Affiliated to ARG UK, OxARG is the local amphibian and reptile group for Oxfordshire. Our members are drawn from a range of backgrounds including: enthusiastic amateur naturalists, professional ecologists, professional conservationists, statutory agencies, toad patrollers - and folk who enjoy looking at frogs in their garden pond. Everyone is welcome!! In addition to our individual members, we also have close links with a number of local wildlife groups, including: the wildlife trust (BBOWT), Oxford Urban Wildlife Group, Friends' of Lye Valley, Friends’ of Aston’s Eyot, Friends' of the Trap Grounds and Shotover Wildlife.
Every year we run a number of training events, for amphibians and reptiles for OxARG members. As well as our own events, we also attend events run by other organisations including: Oxfordshire Goes Wild at the Natural History Museum, the Oxford Urban Bioblitz and Go Wild in the Chilterns. By taking live animals along with supporting literature we hope to enable people to experience and understand better our native herps at first hand. We’ve also conducted regular amphibian surveys including training students from both Oxford University and Oxford Brookes University, at Earth Trust and BBOWT sites, as well as a special amphibian training courses for OxARG members in partnership with BBOWT.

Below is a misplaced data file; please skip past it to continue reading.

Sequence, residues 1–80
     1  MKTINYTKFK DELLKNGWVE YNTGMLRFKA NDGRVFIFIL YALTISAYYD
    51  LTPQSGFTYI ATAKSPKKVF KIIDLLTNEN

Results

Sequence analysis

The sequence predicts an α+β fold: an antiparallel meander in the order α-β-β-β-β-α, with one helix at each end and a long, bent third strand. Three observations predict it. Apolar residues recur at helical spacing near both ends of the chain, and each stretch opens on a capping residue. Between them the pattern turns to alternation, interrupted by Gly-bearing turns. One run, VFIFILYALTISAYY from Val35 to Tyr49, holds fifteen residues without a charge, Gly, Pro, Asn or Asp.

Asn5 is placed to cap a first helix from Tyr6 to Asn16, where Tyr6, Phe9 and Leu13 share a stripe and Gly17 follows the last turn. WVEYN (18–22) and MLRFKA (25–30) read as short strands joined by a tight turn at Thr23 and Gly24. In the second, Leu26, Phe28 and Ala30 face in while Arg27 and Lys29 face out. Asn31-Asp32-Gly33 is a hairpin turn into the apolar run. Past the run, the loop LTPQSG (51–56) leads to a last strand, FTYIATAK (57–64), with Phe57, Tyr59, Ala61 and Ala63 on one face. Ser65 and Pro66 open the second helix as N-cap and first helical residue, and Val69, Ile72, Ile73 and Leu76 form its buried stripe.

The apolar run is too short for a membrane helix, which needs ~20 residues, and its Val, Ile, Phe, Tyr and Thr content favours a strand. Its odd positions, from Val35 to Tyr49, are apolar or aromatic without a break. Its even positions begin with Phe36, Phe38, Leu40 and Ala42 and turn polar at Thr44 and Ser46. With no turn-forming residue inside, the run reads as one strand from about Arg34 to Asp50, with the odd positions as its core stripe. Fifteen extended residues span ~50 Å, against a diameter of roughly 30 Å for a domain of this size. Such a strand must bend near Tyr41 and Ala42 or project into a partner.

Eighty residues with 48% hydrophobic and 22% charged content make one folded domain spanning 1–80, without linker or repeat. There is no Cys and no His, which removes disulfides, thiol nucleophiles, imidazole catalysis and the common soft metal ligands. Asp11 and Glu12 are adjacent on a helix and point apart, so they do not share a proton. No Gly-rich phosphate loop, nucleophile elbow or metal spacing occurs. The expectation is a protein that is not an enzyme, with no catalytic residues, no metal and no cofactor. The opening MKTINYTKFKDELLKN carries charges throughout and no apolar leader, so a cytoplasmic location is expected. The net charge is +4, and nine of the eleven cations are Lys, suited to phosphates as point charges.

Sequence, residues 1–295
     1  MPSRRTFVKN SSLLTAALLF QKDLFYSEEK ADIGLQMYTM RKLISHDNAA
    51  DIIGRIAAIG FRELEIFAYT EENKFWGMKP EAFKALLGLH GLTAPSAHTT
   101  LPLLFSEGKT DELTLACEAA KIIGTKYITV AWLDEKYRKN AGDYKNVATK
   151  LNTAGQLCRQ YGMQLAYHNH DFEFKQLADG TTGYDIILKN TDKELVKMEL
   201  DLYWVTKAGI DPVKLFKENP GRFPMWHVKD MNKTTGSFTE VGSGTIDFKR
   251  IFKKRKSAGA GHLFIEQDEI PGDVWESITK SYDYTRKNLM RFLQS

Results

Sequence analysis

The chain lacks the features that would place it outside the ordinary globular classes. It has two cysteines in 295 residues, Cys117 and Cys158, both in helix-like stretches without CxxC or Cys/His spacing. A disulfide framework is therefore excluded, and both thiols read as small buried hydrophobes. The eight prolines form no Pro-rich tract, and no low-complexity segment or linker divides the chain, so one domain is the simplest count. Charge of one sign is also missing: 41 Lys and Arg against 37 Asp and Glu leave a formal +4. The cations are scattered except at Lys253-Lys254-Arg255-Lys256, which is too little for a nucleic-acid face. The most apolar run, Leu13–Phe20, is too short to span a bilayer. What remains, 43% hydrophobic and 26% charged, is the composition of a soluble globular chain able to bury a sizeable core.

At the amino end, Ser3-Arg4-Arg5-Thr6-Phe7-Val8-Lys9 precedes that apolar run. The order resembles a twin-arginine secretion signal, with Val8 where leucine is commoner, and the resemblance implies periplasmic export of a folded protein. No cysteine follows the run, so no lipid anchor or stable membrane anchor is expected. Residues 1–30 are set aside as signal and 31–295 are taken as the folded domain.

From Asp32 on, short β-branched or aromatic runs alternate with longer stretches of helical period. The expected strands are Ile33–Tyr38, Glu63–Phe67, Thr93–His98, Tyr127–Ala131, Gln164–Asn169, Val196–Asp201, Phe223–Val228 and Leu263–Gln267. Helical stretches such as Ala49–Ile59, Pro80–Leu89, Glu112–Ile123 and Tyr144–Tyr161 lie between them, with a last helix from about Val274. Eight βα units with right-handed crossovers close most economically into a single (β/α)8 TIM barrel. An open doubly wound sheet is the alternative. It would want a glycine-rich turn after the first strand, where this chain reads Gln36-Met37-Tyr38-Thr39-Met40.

Everybody has been hugely enthusiastic about record collecting, and we are up-dating our database at a great rate. However, one of our major concerns is still our declining adder population and despite following up all reports, our only confirmed (small) population is at the BBOWT Warburg reserve.
If anybody does spot an adder - or indeed any other reptile or amphibian in Oxfordshire please tell us about it. Either e-mail us, or put your record directly into the ARG UK record pool online at: http://www.arguk.org/recording.
We are always very happy to follow up on any possible adder sighting (or indeed any other amphibian or reptile records).
However, sadly, given the plight of this iconic creature, to date all have turned out to be grass snakes or slow worms (actually a legless lizard), both of which are entirely harmless (unless you are a slug or snail).
Dr ANGELA JULIAN, Secretary, OxARG, Gidley Way, Horspath